Igaliku

Igaliku is a settlement in the Kujalleq municipality in southern Greenland. The town was founded as Igaliko in 1783 by the trader and colonial administrator Anders Olsen and Greenlandic wife Tuperna. In 2020, Igaliku had 21 inhabitants.[2] The nearby Norse ruins of Garðar and the farms surrounding the town were inscribed on the UNESCO World Heritage List in 2017 as part of the Kujataa Greenland: Norse and Inuit Farming at the Edge of the Ice Cap site. [3]

Igaliku
Garðar, Igaliko
Vatnahverfi.jpg
Igaliku is located in Greenland
Igaliku
Igaliku
Location within Greenland
Coordinates: 60°59′16″N 45°25′15″W / 60.98778°N 45.42083°W / 60.98778; -45.42083Coordinates: 60°59′16″N 45°25′15″W / 60.98778°N 45.42083°W / 60.98778; -45.42083
State Kingdom of Denmark
Constituent country Greenland
MunicipalityKujalleq-coat-of-arms.svg Kujalleq
Founded1783
Government
 • MayorKlaus Egede
Population
 (2020)
 • Total21
Time zoneUTC−03:00
Postal code
3921 Narsaq

GeographyEdit

Igaliku is located southeast of Narsarsuaq, on a peninsula jutting off the mainland of Greenland near the eastern shore of upper Tunulliarfik Fjord.[4] Access to Igaliku from Narsarsauq is cheaper and easier by landing at the small harbor of Itilleq and then crossing the isthmus 4 km (2.5 mi).[5]

Landmarks and sightsEdit

Igaliku is best known for the ruins of Garðar, once the religious heart of 12th-century Norse Greenland.[6] The area was at the very heart of the Eastern Settlement and has been extensively archaeologically excavated since the 1830s. There are several historical graves in the area, although most have not presently been identified. The nearby area was documented by New York fine art photographer, Steve Giovinco, as part of a grant from the Scandinavian-American Foundation.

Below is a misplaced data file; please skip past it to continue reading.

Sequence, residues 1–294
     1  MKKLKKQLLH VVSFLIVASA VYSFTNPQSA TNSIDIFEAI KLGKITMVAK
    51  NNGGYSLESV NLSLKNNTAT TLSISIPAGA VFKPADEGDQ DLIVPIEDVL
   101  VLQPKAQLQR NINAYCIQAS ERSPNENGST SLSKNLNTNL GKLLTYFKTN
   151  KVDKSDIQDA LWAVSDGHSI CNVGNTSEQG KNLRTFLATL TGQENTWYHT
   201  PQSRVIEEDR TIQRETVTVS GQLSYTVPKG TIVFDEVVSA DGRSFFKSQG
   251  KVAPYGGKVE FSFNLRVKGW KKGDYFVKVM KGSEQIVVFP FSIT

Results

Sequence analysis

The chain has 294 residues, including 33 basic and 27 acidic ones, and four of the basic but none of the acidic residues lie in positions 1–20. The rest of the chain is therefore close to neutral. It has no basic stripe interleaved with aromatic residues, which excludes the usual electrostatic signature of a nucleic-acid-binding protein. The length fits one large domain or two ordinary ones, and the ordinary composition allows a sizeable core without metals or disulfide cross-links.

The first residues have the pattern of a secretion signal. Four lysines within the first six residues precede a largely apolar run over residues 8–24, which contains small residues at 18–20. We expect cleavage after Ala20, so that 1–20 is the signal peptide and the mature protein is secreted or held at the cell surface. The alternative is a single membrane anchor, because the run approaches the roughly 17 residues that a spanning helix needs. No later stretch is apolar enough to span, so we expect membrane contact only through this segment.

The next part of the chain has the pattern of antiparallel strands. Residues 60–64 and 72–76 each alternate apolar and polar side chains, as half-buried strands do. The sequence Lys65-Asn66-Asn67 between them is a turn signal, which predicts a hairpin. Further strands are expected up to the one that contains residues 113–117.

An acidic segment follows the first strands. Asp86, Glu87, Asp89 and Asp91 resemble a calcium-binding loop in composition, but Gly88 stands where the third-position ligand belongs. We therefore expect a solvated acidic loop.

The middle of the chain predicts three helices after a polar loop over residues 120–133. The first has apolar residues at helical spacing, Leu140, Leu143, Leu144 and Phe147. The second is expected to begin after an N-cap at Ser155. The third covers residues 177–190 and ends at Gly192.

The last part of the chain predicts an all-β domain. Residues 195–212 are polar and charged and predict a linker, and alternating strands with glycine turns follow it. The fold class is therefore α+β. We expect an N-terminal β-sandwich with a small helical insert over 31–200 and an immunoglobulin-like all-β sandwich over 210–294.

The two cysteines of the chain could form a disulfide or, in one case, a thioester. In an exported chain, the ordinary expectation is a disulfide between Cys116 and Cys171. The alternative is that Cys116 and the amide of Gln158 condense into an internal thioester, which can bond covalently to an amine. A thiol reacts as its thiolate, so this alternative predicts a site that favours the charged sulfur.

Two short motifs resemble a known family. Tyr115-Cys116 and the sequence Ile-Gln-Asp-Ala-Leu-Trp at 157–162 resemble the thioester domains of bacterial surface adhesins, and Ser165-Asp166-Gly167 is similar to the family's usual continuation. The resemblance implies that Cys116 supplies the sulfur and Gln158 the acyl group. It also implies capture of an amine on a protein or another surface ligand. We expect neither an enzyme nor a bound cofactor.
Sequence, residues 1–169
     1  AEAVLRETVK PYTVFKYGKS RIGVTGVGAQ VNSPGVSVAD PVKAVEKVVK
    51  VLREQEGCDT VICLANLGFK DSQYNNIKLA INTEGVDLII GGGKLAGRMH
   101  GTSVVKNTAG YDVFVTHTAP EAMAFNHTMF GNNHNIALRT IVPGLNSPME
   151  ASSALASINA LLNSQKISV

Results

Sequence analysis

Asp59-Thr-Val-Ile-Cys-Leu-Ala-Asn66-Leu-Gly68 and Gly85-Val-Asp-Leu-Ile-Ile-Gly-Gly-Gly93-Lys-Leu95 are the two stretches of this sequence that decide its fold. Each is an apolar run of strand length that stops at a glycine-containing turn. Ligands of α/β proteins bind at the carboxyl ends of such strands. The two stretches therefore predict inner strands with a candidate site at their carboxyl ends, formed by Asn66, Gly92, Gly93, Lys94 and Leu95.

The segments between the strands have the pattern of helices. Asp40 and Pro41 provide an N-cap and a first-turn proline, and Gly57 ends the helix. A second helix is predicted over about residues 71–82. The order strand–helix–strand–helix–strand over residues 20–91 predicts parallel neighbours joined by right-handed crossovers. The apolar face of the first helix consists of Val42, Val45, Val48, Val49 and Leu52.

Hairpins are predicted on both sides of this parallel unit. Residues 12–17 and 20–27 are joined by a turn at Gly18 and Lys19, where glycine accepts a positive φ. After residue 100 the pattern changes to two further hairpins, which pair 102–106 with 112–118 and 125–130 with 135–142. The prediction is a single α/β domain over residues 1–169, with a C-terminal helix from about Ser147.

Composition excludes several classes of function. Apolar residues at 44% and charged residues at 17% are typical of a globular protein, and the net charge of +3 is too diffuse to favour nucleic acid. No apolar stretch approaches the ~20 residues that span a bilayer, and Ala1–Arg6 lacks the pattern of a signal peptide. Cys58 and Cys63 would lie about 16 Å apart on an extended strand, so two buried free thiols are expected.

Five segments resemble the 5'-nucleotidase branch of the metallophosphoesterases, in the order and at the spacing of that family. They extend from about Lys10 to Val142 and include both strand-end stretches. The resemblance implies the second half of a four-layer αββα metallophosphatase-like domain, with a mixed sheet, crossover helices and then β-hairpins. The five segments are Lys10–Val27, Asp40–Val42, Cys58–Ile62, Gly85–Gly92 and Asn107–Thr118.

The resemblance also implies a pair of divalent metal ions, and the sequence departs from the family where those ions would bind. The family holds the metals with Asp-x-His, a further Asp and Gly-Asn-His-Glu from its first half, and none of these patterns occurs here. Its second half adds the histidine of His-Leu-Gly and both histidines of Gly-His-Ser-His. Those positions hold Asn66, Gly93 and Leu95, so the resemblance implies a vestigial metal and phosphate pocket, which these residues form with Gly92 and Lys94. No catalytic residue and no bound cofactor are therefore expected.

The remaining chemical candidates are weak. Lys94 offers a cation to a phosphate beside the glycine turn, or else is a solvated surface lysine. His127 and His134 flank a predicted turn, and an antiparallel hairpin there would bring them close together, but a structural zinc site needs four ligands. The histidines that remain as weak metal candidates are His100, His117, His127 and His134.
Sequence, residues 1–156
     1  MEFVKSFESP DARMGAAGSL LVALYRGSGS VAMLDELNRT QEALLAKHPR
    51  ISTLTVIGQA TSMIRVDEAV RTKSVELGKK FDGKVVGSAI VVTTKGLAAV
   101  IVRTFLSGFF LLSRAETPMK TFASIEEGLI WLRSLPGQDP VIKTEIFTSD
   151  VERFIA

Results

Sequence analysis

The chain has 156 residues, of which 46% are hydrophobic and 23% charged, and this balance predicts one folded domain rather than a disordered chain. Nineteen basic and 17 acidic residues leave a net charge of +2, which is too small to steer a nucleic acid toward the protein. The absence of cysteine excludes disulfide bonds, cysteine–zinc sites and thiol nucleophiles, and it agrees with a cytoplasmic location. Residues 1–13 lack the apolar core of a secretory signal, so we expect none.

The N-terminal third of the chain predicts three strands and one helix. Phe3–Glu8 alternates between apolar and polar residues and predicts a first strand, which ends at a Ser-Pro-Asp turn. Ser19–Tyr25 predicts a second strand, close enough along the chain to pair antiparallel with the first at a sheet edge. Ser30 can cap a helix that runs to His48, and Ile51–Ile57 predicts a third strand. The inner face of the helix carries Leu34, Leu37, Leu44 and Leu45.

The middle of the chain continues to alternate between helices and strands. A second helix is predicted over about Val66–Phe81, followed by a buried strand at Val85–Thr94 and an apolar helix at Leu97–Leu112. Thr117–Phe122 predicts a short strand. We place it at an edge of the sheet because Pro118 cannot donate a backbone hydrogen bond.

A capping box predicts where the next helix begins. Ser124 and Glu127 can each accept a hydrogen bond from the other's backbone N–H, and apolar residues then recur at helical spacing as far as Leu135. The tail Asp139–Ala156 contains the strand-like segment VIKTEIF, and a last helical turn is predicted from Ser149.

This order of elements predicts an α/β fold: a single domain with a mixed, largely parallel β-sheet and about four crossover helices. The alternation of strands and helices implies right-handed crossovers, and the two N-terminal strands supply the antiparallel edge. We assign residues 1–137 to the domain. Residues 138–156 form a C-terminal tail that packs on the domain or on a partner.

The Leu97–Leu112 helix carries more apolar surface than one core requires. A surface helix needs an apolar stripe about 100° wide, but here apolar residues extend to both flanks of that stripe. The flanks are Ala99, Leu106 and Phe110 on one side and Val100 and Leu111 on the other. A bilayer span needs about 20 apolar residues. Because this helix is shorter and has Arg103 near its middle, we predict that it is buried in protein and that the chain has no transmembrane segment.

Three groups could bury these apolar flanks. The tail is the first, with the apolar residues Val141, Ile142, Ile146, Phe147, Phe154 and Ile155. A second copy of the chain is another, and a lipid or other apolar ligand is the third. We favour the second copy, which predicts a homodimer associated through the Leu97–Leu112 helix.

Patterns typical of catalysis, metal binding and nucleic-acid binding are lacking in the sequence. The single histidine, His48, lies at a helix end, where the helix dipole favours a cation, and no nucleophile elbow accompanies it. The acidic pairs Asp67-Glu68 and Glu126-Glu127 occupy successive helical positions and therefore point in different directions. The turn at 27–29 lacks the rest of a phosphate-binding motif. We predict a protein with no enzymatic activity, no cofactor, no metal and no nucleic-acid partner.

InfrastructureEdit

The settlement has a general store, a church including the congregation building, and a school, Atuarfik Igaliku (Greenlandic for "the school of Igaliku"). There is only one road into the village (called King's Road), which connects Igaliku to a small dock at the farming settlement, Itilleq.

PopulationEdit

The population of Igaliku has been stable in the last two decades.[7]

Igaliku population growth dynamics in the last two decades. Source: Statistics Greenland[7]

ClimateEdit

Igaliku has a tundra climate (ET) with cool summers and cold winters.

Climate data for Igaliku (1982-2012)
Month Jan Feb Mar Apr May Jun Jul Aug Sep Oct Nov Dec Year
Average high °C (°F) −2.5
(27.5)
−1.6
(29.1)
−0.9
(30.4)
3.3
(37.9)
8.5
(47.3)
11.8
(53.2)
13.7
(56.7)
12.9
(55.2)
8.8
(47.8)
3.8
(38.8)
0.5
(32.9)
−1.9
(28.6)
4.7
(40.4)
Daily mean °C (°F) −6.4
(20.5)
−5.5
(22.1)
−4.8
(23.4)
−0.4
(31.3)
4.6
(40.3)
7.6
(45.7)
9.5
(49.1)
8.9
(48.0)
5.4
(41.7)
0.8
(33.4)
−2.8
(27.0)
−5.6
(21.9)
0.9
(33.7)
Average low °C (°F) −10.2
(13.6)
−9.4
(15.1)
−8.6
(16.5)
−4.1
(24.6)
0.8
(33.4)
3.5
(38.3)
5.4
(41.7)
4.9
(40.8)
2
(36)
−2.2
(28.0)
−6.1
(21.0)
−9.3
(15.3)
−2.8
(27.0)
Average precipitation mm (inches) 58
(2.3)
50
(2.0)
53
(2.1)
54
(2.1)
50
(2.0)
67
(2.6)
79
(3.1)
84
(3.3)
94
(3.7)
72
(2.8)
81
(3.2)
73
(2.9)
815
(32.1)
Source: Time and Date[8]

ReferencesEdit

  1. ^ "Sermitsiaq, 2008/07/18" (in Danish). Archived from the original on August 2, 2008. Retrieved April 17, 2011.
  2. ^ "Population by Localities". Statistical Greenland. Retrieved 7 April 2020.
  3. ^ UNESCO World Heritage Centre. "Kujataa Greenland: Norse and Inuit Farming at the Edge of the Ice Cap". UNESCO World Heritage Centre. United Nations Educational, Scientific, and Cultural Organization. Retrieved 2021-07-30.
  4. ^ Ivittuut/Narsarsuaq/Qaqortoq, Saga Map, Tage Schjøtt, 1992
  5. ^ "Metal Traveller in Igaliku". Metaltraveller. Retrieved 2011-09-09.
  6. ^ O'Carroll, Etain (2005). Greenland and the Arctic. Lonely Planet. p. 108. ISBN 1-74059-095-3.
  7. ^ a b "Statistics Greenland" (in Danish). Archived from the original on August 12, 2011. Retrieved April 17, 2011.
  8. ^ "IGALIKU CLIMATE". Retrieved April 13, 2020.